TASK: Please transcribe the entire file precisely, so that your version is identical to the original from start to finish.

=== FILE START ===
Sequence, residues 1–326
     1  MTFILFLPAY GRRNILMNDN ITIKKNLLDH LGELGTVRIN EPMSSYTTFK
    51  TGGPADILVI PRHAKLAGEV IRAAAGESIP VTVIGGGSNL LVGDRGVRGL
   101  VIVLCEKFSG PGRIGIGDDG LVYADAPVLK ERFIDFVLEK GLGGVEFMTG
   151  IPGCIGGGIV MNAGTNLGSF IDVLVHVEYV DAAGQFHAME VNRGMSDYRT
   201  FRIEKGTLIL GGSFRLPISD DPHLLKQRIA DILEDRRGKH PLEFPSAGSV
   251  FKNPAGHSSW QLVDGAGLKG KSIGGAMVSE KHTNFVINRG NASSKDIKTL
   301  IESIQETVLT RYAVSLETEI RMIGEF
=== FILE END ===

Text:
Sequence, residues 1–326
     1  MTFILFLPAY GRRNILMNDN ITIKKNLLDH LGELGTVRIN EPMSSYTTFK
    51  TGGPADILVI PRHAKLAGEV IRAAAGESIP VTVIGGGSNL LVGDRGVRGL
   101  VIVLCEKFSG PGRIGIGDDG LVYADAPVLK ERFIDFVLEK GLGGVEFMTG
   151  IPGCIGGGIV MNAGTNLGSF IDVLVHVEYV DAAGQFHAME VNRGMSDYRT
   201  FRIEKGTLIL GGSFRLPISD DPHLLKQRIA DILEDRRGKH PLEFPSAGSV
   251  FKNPAGHSSW QLVDGAGLKG KSIGGAMVSE KHTNFVINRG NASSKDIKTL
   301  IESIQETVLT RYAVSLETEI RMIGEF